Do not let any unwholesome talk come out of your mouths, but only what is helpful for building others up according to their needs, that it may benefit those who listen.

This wise guideline struck me immediately as something we needed to keep front and center for a while, till being more careful with our words became automatic. I remembered the Buddha’s advice on this matter, and decided we could add that in for good measure. It turns out that lots of people have realized the importance of how we “use our words,” and have made pretty posters on the topic. I gathered two pre-made posters I liked, and made one for the quotation above, before laminating and cutting them out:


The next step, I decided, was to have each girl be in charge of one poster, and read it to the rest of us. She was then asked to explain what she thought the poster was advising. Each girl did very well with this, and got the main message I had hoped to convey: If you can’t say something nice, then don’t say anything at all.

Each girl was then responsible for hanging her poster in a location known to be a hotbed of contention and conflict. While they are experts at picking a fight anywhere, any time, about anyTHING, some areas leaped out at us: the DINING ROOM, the AREA NEAR THE TV, and the BEDROOM. The plan was then to hope that, during a conflict, someone along the way would catch herself or others using unfortunate speech and point silently to the poster in that area, prompting a peaceful regroup.

This is where the plan — so elegant, so teacherly — went awry (i.e., in the application in a real-life family). First, the girls fought about who got to post in what area. Why did Lily insist on using FIVE pieces of tape instead of the four apiece I had designated, so someone was shortchanged on purpose (Emma argued)? Jane also pointed out to all that THEY weren’t the boss, and she would act freely, thank you. For laughs, Lily hung hers in an obscure location. Next, the girls each monitored MY speech with laser-like intensity, and pointed sarcastically to the signs, quickly zeroing in on precisely which principle I had violated. After that demoralizing fol-de-rol, the posters remain in locations Damon and I later moved them to, living testaments to my wrong-headed idealism. However, I can’t stop hoping that their presence will slowly make some sort of impact in this escalating war zone, three tokens of nonviolence that weren’t there before. There goes my idealism again.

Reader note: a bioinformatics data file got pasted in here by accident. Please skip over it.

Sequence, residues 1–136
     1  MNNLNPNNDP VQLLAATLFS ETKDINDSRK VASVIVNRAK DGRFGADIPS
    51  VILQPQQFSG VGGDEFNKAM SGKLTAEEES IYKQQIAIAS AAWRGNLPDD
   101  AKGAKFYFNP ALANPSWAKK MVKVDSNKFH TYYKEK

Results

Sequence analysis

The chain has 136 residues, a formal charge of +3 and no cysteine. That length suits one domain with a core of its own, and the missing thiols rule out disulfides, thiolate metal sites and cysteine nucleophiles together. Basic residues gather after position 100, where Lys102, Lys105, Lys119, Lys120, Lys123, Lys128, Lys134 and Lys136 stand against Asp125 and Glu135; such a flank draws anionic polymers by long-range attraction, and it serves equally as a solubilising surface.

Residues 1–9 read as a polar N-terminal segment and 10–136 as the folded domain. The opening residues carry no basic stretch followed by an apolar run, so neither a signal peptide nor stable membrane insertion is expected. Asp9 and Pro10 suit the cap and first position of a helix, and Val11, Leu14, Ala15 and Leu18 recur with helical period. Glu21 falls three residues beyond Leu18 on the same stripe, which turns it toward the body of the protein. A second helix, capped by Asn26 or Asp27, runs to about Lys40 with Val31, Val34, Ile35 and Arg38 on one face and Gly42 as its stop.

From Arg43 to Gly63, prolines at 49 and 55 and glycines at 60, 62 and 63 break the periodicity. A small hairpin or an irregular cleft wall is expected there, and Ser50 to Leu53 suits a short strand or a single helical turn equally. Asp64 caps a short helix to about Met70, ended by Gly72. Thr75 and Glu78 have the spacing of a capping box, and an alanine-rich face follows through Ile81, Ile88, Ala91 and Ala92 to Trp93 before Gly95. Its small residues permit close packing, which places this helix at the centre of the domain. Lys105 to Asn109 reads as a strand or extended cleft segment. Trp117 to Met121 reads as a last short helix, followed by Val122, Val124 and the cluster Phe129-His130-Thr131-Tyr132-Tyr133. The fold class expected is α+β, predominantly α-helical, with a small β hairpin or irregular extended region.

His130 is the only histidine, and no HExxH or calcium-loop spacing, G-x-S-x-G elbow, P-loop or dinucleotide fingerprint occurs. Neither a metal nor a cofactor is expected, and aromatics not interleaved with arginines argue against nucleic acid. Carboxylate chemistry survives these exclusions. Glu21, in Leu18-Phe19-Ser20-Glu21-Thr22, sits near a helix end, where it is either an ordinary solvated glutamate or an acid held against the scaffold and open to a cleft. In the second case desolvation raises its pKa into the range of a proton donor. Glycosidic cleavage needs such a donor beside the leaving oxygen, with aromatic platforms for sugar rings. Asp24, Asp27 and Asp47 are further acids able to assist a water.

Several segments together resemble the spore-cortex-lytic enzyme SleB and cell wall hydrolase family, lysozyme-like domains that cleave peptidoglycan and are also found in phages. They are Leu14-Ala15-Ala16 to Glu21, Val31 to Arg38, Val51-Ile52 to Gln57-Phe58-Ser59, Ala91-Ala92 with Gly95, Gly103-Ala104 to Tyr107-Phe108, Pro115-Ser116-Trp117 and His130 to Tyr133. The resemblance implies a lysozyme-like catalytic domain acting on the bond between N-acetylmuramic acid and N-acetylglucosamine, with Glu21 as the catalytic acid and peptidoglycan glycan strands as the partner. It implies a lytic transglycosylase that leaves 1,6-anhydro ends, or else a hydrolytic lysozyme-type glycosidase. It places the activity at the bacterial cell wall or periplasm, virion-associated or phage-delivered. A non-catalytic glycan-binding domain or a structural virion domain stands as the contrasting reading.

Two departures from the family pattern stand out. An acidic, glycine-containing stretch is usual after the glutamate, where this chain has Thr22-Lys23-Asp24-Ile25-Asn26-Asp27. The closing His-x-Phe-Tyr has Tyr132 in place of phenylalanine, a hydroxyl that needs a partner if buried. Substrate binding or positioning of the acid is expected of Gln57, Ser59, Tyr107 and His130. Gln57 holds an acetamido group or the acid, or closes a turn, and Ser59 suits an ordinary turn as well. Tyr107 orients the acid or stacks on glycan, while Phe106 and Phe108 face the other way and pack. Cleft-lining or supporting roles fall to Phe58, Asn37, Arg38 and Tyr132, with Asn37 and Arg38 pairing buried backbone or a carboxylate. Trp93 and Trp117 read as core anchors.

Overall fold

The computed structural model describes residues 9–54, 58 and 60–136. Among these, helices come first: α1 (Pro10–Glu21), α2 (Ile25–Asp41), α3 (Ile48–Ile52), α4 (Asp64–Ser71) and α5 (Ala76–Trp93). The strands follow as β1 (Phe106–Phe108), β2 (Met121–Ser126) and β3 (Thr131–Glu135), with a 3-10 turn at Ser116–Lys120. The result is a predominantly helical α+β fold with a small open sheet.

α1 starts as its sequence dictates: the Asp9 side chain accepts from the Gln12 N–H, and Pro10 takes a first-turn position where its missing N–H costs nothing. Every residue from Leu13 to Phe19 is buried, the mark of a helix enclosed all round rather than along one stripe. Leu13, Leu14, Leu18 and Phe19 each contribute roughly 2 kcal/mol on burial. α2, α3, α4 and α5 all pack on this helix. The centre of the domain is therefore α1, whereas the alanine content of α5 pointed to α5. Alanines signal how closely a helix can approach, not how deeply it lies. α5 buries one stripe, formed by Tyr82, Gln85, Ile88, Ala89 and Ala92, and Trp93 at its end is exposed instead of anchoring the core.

Monster Bus

Friday morning was just one of those kick-offs that didn’t gel for us. When there are several items on the agenda right after dropping the girls off, that means that a whole morning has to be all lined up, and five of us showered, brushed, dressed, and outfitted, by 7:30. That is not easy and today, it did not happen on time. However, on Fridays, I am finished teaching for the week and feeling much looser than I am on the other days, so I quickly did the little mental acknowledgment of the inevitable as we left our driveway at 7:47, and decided to relax and enjoy the ride for once. I am so glad I did. The girls and I were all in stitches for a lot of the trip, and this may have been the first drive all week that was 100% free of lectures or recriminations. And, while I would agree with me that a lot of our lateness is their fault, and much of their morning dithering contributes to my sense of overwhelm, I think we all enjoyed the break from my pointing this out.